Just found another link, interesting story: as per Muppet Fandom article on D23 Expo 2009:

    On Friday, September 11, the Muppets made a surprise appearance on the Mark Twain Riverboat (a smaller replica of the Disneyland attraction) during the "Disney Movie Magic: Inside the Disney Studios" arena presentation. It was announced that they were working on a new movie, The Cheapest Muppet Movie Ever Made!. It was later set aside in favor of The Muppets.


    Dang! They almost had it made!

    (P.S. Updated the image -- the video was for D23 Expo 2011)
    Last edited: Mar 15, 2019
    Blue Frackle and Duke Remington like this.
  7. Duke Remington

    Duke Remington Well-Known Member

    The Muppets Studio could be more likely to greenlight such projects if they became an independent subsidiary not at the mercy of Consumer Products. Let's hope that breaking away from Consumer Products and becoming independent is part of The Muppets Studio's long-term business plans.
    DMHFan and Grumpo like this.
  8. dwayne1115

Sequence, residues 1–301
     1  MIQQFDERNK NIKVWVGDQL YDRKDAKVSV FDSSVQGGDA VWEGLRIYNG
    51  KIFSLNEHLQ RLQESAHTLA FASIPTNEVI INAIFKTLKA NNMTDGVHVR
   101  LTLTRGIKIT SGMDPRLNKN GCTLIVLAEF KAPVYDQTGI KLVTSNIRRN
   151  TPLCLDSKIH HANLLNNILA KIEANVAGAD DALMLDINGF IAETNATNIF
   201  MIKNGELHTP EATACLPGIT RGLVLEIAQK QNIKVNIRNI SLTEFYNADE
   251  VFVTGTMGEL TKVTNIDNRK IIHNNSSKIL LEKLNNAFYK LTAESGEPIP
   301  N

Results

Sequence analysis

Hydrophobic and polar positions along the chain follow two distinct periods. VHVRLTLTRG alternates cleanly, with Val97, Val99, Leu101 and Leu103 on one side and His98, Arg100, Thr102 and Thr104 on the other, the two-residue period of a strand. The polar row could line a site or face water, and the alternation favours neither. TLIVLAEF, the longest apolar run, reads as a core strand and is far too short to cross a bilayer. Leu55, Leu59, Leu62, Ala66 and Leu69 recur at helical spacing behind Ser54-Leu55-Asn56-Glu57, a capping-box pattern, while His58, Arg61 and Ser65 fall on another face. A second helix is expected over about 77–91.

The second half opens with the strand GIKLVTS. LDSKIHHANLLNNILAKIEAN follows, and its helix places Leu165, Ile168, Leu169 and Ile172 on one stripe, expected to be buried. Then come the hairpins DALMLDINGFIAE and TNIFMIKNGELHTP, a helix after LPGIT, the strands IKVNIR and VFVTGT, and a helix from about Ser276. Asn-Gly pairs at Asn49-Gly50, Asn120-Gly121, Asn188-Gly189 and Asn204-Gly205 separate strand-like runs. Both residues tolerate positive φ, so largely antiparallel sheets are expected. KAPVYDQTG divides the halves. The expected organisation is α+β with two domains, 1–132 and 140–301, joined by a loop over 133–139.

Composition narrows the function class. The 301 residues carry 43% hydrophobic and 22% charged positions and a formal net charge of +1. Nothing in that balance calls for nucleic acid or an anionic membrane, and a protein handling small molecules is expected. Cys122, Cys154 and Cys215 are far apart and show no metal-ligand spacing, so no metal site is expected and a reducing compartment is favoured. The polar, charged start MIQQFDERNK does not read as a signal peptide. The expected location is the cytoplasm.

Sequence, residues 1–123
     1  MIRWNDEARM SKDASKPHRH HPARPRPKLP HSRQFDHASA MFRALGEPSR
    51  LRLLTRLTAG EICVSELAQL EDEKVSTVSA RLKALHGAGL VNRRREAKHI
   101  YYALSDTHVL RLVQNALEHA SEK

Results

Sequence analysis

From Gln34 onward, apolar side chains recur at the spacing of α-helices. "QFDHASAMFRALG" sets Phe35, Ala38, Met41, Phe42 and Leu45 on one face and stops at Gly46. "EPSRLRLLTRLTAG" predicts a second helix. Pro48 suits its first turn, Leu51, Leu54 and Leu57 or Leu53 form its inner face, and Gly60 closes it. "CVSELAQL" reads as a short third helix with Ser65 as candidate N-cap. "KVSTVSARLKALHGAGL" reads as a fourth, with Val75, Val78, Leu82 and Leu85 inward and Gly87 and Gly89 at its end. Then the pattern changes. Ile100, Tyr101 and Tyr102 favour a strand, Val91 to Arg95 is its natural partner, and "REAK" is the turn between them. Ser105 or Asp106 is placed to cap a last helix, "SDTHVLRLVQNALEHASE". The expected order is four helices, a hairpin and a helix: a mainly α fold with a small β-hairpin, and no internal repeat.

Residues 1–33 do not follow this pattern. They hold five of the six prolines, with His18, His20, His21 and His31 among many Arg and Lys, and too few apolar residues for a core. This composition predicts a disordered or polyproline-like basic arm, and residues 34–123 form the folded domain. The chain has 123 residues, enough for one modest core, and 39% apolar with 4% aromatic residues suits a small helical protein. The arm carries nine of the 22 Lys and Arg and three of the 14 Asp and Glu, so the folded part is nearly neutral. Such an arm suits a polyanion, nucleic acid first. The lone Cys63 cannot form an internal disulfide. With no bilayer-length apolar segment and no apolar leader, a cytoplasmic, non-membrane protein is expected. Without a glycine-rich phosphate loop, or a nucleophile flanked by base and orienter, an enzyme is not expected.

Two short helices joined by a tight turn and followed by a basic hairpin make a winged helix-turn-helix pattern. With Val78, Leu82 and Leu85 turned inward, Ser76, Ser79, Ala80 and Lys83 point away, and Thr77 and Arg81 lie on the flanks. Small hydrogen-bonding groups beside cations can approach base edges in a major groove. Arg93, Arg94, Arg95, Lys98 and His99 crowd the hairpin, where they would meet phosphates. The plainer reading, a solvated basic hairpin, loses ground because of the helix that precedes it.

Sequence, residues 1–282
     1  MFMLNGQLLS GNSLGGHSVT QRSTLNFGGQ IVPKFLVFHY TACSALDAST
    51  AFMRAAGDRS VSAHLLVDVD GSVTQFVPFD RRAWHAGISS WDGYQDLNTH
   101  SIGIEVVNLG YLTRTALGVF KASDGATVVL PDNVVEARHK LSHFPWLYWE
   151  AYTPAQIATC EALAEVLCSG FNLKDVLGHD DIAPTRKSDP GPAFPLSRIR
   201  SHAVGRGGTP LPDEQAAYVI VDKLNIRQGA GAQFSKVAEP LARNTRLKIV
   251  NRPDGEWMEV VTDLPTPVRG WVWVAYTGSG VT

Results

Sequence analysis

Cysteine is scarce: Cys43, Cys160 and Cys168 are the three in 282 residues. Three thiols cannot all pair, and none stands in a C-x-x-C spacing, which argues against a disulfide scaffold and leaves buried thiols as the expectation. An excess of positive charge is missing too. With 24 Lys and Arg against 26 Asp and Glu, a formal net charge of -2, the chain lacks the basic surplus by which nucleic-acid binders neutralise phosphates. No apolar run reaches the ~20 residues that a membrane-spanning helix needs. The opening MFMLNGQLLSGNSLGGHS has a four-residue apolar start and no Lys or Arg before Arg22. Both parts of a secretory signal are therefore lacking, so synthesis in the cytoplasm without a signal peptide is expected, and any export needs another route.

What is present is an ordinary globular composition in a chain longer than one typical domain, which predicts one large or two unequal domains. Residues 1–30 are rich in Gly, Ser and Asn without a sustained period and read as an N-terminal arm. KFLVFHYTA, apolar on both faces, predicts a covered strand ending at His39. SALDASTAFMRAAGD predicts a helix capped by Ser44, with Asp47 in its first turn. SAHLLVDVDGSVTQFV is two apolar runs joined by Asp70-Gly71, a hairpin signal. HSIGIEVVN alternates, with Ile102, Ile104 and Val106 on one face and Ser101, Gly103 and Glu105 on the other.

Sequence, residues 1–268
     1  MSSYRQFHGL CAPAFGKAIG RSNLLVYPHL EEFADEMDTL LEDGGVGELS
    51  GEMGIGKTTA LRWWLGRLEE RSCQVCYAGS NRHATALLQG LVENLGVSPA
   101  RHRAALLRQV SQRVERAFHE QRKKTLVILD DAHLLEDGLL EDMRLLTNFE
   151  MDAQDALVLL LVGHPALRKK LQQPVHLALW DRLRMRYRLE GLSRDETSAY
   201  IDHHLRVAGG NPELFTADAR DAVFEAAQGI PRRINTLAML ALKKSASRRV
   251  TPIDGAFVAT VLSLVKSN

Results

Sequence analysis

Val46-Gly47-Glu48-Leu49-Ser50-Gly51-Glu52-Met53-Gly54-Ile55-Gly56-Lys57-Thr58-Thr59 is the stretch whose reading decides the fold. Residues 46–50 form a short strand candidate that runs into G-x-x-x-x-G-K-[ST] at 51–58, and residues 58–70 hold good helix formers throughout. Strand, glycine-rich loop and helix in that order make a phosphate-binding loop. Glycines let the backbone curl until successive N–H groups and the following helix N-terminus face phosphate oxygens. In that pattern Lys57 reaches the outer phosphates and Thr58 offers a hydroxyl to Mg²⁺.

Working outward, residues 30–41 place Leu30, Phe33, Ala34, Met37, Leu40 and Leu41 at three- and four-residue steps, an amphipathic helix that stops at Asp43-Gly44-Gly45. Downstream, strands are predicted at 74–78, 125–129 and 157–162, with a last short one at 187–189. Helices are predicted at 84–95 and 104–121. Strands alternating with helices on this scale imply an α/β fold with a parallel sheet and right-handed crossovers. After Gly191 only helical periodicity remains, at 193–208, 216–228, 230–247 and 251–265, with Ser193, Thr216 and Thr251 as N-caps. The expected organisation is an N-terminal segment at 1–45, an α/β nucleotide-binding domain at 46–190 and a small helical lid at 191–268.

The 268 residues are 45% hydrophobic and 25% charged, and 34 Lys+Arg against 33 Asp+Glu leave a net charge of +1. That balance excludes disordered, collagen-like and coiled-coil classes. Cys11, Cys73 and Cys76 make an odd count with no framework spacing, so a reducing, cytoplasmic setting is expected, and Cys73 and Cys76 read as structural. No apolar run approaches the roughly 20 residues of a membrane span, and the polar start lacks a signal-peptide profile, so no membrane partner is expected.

dwayne1115 Well-Known Member

    Ah of course I'm so glad you have such a better understanding of how things went down. Especially when I was talking to a few people involved and was sworn to secrecy. The only reason I feel somewhat comfortable saying anything is because Frank made it public.
    cahuenga and Grumpo like this.
  9. Grumpo

    Grumpo Member

  10. Duke Remington

    Duke Remington Well-Known Member

    You’re all still wrong and contradicting everything, though.
  11. DMHFan

    DMHFan Well-Known Member

    I also hope more old school Muppet material will be out legally.
    Duke Remington and Misskermie like this.
  12. Pig's Laundry

    Pig's Laundry Well-Known Member

    What the Muppets looked like the last time they had a movie.

    But seriously tho, I love that picture!
    Blue Frackle likes this.
  13. MrBloogarFoobly

    MrBloogarFoobly Well-Known Member

    I wouldn't be surprised if working with the Muppets is simply too painful for him. He's a victim of his own history: how could anything live up to his early years working with the old company? As far as Disney goes, it's no secret that they strong arm their creatives. Oz is not really a corporate guy. He doesn't want to work under such scrutiny.